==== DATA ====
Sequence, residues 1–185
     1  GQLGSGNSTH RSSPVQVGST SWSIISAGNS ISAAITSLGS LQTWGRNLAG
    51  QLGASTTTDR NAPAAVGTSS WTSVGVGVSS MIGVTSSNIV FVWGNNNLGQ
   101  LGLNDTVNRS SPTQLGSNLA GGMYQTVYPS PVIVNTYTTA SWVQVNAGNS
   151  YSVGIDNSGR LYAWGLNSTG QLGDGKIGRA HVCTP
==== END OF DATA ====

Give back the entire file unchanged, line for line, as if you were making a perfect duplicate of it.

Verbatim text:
Sequence, residues 1–185
     1  GQLGSGNSTH RSSPVQVGST SWSIISAGNS ISAAITSLGS LQTWGRNLAG
    51  QLGASTTTDR NAPAAVGTSS WTSVGVGVSS MIGVTSSNIV FVWGNNNLGQ
   101  LGLNDTVNRS SPTQLGSNLA GGMYQTVYPS PVIVNTYTTA SWVQVNAGNS
   151  YSVGIDNSGR LYAWGLNSTG QLGDGKIGRA HVCTP